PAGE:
It seems I am the third person in the School of Graduate Research to be struck down by a flu like thing in less than 24 hours. At least I think so. I complained about feeling a bit poorly and the boss was more than happy to hurry me out the door.

Which is why I find myself at home, on a sunny Tuesday afternoon, highly medicated. What’s that I hear you say? Perfect time to write a Whisperer post? Why not – but I don’t feel up to delving into my reader request pile, so I will do a book review.

Part of our mission at the whisperer is to take some of the PhD reading burden off your shoulders, specifically by reviewing books on writing and doing your thesis. The other day in the library I noticed just how many books there are on this topic. Here is a snapshot of just two of the shelves in the 800’s section in RMIT’s library – and these are books just on editing for goodness sake. What’s a PhD student to do?

Anyway, the other day a paperback in the creative writing section by Francine Prose called “Reading like a writer” caught my eye. I vaguely recalled hearing her interviewed on the radio a few years ago, so I borrowed it even though it wasn’t strictly on topic.

Well – what a gem this book is.

As I have said before – if a book on writing doesn’t make you want to sit up and read it all night you should probably just throw it out (with the possible exception of Joseph Williams “Elements of style”). Francine Prose has a lovely understated writing style which must have taken decades to perfect. She starts each chapter with a story from her life as an avid book reader with such gentle humour that the book just grabs hold of you and wont let go.

Before I tell you what Ms Prose has to say I have to make a confession of sorts. When I was doing my PhD I found it almost impossible to read fiction – at least fiction that forced me to think in any way. During this three year period I tended to read popular science for fun. But for true brain downtime – you know, the type which sends you to sleep at night – I turned to trashy books. Deeply trashy books.

I have never quite recovered from this aspect of the Permanent head Damage experience and I am sure my husband is mildly appalled by the kinds of things he sees on my TBR pile beside the bed. “Reading like a writer” seemed dedicated to the topic of learning to read better quality fiction, so I thought it might help me with my little trashy books issue. Turns out there is much in this book that is useful to any kind of writing. Part of the reason is that the approach taken by Ms Prose is deeply informed by her experience as both a writer and teacher. As she explains:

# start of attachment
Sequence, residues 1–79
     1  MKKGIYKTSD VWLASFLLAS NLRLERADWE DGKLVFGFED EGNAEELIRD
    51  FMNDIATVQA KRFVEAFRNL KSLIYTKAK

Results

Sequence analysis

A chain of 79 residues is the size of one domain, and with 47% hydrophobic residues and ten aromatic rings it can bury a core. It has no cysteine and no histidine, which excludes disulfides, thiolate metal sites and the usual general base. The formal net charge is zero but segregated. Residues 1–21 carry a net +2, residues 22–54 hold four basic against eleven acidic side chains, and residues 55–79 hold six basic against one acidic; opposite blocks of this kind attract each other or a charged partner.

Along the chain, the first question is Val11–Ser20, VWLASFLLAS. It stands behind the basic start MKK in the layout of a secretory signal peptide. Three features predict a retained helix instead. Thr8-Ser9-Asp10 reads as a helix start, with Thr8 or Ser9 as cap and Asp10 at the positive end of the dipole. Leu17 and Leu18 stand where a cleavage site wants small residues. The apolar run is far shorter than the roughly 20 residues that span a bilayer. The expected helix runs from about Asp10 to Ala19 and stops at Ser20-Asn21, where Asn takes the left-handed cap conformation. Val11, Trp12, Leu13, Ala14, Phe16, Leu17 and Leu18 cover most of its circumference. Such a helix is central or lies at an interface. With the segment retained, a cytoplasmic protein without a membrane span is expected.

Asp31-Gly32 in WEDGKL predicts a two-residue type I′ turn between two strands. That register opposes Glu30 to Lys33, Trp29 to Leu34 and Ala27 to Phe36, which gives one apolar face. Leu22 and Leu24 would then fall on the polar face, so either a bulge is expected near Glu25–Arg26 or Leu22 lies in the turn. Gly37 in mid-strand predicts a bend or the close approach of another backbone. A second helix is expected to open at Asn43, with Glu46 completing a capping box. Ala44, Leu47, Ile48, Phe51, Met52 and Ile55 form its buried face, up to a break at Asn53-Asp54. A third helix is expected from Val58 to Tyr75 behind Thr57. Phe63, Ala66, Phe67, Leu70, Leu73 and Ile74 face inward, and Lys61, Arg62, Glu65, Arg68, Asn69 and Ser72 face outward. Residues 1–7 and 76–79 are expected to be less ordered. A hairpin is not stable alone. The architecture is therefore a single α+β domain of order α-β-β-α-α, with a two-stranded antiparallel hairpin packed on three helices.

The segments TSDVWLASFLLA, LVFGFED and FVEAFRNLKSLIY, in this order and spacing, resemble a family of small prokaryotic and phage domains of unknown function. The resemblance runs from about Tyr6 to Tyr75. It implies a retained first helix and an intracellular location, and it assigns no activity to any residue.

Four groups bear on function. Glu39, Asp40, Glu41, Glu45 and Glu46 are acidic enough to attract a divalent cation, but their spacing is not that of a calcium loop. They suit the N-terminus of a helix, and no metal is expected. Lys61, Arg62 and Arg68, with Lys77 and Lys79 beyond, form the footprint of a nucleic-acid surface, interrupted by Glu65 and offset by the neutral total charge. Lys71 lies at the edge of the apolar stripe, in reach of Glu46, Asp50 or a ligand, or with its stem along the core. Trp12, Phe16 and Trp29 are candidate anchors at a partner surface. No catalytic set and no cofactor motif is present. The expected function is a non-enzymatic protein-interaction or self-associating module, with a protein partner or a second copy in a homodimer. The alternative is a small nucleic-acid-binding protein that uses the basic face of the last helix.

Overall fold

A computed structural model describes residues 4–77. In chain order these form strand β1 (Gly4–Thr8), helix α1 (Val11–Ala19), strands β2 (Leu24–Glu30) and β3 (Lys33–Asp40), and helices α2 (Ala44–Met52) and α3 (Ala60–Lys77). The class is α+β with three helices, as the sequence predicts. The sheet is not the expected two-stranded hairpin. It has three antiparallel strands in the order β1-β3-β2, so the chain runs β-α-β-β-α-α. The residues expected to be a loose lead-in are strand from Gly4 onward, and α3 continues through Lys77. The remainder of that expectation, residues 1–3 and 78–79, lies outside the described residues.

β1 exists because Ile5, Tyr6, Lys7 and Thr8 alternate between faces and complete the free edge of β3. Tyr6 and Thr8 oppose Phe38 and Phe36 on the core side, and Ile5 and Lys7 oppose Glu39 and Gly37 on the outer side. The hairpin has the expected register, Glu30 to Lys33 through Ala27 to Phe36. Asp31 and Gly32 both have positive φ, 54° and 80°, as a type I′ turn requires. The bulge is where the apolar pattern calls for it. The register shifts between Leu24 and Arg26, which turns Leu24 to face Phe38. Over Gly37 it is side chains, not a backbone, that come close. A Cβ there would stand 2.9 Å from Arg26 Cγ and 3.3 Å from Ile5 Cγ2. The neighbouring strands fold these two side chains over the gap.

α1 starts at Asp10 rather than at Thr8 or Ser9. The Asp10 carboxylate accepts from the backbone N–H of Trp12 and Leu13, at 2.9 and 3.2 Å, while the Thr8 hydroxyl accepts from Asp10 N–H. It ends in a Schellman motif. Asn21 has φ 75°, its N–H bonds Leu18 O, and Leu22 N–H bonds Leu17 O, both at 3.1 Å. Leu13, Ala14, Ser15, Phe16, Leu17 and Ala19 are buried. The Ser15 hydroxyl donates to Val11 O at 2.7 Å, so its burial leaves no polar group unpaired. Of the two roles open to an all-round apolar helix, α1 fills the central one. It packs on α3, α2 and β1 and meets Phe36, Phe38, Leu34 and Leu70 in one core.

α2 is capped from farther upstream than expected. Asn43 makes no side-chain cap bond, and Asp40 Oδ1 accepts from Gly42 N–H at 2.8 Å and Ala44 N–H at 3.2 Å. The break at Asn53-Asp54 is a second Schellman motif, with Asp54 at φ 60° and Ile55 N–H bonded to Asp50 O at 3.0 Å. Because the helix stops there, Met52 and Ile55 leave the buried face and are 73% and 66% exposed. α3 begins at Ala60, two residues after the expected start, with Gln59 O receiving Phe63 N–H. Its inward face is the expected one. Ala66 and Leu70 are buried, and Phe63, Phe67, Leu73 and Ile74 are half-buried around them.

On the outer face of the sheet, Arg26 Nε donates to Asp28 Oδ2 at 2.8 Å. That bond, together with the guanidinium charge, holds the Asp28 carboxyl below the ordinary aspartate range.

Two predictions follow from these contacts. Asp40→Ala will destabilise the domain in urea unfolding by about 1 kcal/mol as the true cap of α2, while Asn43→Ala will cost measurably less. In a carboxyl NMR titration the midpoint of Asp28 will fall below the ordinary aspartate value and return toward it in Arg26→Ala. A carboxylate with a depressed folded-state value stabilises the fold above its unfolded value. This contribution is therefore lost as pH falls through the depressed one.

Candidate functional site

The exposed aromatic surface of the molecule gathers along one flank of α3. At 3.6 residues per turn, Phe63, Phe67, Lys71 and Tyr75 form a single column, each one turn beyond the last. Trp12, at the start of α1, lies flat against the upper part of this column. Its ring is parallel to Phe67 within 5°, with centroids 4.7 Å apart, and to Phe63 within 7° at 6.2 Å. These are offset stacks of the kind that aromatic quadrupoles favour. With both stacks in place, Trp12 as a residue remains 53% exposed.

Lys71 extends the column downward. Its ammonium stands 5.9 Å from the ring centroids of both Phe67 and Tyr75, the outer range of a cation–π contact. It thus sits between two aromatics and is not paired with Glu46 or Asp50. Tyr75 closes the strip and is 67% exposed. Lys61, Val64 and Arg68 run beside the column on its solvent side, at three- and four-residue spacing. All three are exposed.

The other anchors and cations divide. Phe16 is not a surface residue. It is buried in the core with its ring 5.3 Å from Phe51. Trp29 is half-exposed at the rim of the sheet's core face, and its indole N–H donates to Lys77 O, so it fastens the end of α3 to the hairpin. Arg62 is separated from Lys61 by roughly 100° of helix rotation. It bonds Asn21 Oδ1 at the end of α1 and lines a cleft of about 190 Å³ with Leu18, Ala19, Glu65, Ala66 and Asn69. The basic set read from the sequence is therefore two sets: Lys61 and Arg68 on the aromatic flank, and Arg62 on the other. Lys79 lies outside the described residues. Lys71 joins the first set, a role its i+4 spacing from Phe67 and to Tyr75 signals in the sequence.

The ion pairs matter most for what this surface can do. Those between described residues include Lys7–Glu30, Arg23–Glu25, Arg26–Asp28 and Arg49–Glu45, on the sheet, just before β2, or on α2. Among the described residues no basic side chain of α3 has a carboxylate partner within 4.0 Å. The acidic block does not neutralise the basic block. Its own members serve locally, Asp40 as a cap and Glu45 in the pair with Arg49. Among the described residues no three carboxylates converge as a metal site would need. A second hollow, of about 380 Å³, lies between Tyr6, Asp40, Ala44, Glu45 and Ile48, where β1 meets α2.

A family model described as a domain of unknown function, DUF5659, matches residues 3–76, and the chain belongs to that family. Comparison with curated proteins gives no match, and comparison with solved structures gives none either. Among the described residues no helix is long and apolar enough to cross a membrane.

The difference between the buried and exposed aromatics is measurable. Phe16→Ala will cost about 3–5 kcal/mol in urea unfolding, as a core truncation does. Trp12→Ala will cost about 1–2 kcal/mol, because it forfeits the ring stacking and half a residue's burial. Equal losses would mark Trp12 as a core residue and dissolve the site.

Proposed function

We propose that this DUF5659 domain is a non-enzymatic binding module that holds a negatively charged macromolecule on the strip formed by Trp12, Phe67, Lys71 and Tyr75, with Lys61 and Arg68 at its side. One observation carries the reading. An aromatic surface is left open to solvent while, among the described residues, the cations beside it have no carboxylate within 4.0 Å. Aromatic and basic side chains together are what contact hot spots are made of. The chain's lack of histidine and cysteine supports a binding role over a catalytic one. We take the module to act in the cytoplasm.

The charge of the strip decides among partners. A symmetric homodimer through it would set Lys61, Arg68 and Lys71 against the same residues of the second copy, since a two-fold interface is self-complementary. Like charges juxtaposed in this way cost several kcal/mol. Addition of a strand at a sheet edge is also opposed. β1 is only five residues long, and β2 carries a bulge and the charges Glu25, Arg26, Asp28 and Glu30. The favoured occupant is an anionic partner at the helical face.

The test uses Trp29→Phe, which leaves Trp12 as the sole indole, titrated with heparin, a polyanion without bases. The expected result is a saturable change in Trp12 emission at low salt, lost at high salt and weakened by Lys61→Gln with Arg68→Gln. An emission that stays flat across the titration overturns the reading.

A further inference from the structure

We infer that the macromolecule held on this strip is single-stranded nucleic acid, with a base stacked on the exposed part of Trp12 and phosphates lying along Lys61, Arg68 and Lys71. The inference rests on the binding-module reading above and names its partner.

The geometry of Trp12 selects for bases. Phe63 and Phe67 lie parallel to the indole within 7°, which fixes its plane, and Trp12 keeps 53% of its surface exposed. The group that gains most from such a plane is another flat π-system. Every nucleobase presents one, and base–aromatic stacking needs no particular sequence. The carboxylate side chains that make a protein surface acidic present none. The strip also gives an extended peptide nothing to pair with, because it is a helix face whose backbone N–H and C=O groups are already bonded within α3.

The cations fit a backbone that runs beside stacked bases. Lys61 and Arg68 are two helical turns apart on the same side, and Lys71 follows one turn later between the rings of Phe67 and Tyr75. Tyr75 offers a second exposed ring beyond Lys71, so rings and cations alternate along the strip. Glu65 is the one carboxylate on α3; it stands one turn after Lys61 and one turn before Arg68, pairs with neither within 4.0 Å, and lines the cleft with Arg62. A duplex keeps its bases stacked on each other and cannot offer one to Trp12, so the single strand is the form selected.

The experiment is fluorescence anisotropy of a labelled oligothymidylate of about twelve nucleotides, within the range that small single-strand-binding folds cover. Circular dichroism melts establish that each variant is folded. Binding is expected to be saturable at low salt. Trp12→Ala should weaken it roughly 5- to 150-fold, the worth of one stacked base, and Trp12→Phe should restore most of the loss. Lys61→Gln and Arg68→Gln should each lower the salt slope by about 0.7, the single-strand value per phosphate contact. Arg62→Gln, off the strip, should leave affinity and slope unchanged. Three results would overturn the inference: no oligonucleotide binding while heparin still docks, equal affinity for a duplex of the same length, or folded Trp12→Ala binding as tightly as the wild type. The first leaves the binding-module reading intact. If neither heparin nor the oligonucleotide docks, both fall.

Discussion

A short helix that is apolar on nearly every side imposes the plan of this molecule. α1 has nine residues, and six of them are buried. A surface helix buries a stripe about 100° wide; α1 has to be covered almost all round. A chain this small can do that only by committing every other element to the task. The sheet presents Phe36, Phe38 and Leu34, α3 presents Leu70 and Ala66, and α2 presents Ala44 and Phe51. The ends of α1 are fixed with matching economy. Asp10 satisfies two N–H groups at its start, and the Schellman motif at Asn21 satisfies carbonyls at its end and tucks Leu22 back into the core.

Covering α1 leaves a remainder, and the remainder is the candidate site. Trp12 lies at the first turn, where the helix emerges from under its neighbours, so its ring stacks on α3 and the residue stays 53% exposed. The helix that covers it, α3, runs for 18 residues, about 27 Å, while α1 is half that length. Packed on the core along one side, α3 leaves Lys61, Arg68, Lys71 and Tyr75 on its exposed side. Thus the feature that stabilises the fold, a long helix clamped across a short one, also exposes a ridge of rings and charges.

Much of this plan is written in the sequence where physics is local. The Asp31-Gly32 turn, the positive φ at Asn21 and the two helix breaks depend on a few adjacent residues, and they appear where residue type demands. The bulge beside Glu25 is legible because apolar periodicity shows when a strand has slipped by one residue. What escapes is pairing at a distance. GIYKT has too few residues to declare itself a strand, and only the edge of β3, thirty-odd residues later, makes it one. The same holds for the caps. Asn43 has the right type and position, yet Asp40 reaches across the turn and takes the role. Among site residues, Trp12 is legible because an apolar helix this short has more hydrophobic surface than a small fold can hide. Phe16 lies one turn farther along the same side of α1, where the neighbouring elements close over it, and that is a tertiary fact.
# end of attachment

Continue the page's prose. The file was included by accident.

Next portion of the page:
“One essential and telling difference between learning from a style manual and learning from literature is that any how-to book will, almost by definition, tell you how not to write. In that way, manuals of style are a little like writing workshops, and have the same disadvantage – a pedagogy that involves warnings about what might be broken and directions on how to fix it – as opposed to learning from literature, which teachers by a positive model” (pg 44)

To prove her point, she uses examples from great fiction to highlight good writing techniques and to trouble aphorisms like “always write short sentences”. Rules like this will be discussed and then followed with examples of great writers breaking them with gay abandon.

You see, Ms Prose claims that, past a certain point of competence, you need to learn to pay proper attention to other writers’ prose in order to become a great writer. Now that’s advice that you hear a lot, but what’s great about Proses’s book is she tells you how to do it. For example she begins her chapter on words with a story about her English teacher asking the class to circle every variation of ‘eye’, ‘sight’ or ‘looking’ in King Lear. She recalls her sense of shock discovering the levels of meaning this simple exercise squeezed out of the Shakespeare play.

I think this simple exercise can be easily adopted by research students to learn how to write with more authority and confidence. Following the advice of Kamler and Thomson in their great book “Helping doctoral students to write”, I often tell research students to look through papers of writers that they like and circle all the verbs, especially the verbs which the writer uses when they comment on the work of other researchers. Consciously re-using these verbs gives your writing an immediate boost.

Ms Prose then turns her attention to sentences; claiming that good writers take apart sentences like mechanics take apart engines – to learn how they work. It’s impossible to include all the insights in this chapter, but one piece of advice she offers is to read your work aloud. It’s a remarkably effective technique to find clunky sentences, especially ones which run on too long. If nothing else you are likely to run out of breath if the sentence doesn’t have the right number of commas in it.

While the chapters on narration, character, dialogue and gesture are fascinating, they might be safely skipped if you are  reading for non fiction purposes. I recommend you read the chapter on details and on paragraphs however.  I particularly like the way she describes paragraphs as ‘breaths’ and the breaks between them as ‘flashes of lightening’. Not only do these metaphors elegantly capture the purpose of paragraphs, but they are easy to remember as you write.

Well that’s my self imposed 1000 word limit approaching, so I will go off and medicate myself again. Happy writing!

%d bloggers like this: